He died in 1815 at the age of 83, and was interred in the Jay Cemetery.

JJames and Anne’s daughter Mary was a successful educator, who opened and ran a boarding school in New York. She married John Okill in 1807 and had one daughter, Mary. It was Mary who married West Point professor Dennis Hart Mehan.

“Blind” PETER

After the Revolution the dependent children would return to the Rye house. Blind Peter would inherit the House after his father’s death in 1782. He lived in the house with his “retarded” older brother Augustus, his sister Eve Munro and her small child, and his blind sister Anna Maricka. To help him with the care of this family a happy marriage was arranged with Mary Duyckinck in 1789, when he was 55 and she was 53 years old. She was descended from a noted portrait painter and apparently was the original of the “aunt” in the spy story written by George Fenimore Cooper. In fact she was referred to as “Aunt Jay” in Coopers letters.

“Blind” Peter, as farmer and landowner was well respected as a judge of horses. During his life he showed wonderful “ingenuity and sagacity”. He entertained often at the Rye house, and when entertaining the President of Yale solved a controversy over the construction of a table top by showing the joining of boards on a table top with his sensitive fingers.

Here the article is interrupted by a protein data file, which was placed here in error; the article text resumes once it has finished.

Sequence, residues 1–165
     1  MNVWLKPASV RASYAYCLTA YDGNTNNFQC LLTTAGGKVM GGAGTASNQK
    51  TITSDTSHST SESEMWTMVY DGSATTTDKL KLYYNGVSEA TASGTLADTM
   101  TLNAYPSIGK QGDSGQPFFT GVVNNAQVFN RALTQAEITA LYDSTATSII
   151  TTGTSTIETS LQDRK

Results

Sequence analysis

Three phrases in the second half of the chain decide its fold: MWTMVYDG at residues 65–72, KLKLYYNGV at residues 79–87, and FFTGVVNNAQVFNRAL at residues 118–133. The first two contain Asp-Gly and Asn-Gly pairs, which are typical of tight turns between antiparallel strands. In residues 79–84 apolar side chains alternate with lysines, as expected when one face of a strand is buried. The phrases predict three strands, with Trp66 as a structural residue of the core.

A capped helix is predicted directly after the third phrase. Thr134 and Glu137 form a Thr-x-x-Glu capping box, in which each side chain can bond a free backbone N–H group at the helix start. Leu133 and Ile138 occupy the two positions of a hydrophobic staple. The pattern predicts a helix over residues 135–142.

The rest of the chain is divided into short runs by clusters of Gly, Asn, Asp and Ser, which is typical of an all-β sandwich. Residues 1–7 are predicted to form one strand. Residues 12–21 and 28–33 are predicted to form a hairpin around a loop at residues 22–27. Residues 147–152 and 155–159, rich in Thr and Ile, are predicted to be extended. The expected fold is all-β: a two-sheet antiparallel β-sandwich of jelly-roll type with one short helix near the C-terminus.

“Blind” Peter Jay died at the Rye house in 1813, at the age of 79, and was buried in the Cemetery plot. While the Rye property was inherited by his brother, John Jay, Peter’s widow, Mary, continued to live in the house with her sister Euphane until her death in 1824. Both sisters were buried in the Cemetery.


ANNA MARICKA born 1737 was blinded by small pox when three years old. Her care was one of the reasons for Peter Jay’s move to Rye. She spent the rest of her life with the family on the Rye farm and died there in 1791. She was buried in the family vault in New York.

At the time of her death she was honored as a lady whose “excellent understanding and uniform beneficence and piety rendered her very estimable.” She bequeathed 100 pounds to Christ’s Church in Rye.


Their younger son, John Jay, born 1747, married a daughter of William Livingston, Sarah in 1774. He was the exception in the Peter Jay line of dependent children. During the Revolution William Livingston was the Governor of New Jersey. He had married Suzanna French, whose sister married David Clarkson another family tie. William and Suzanna had thirteen children, one for each colony!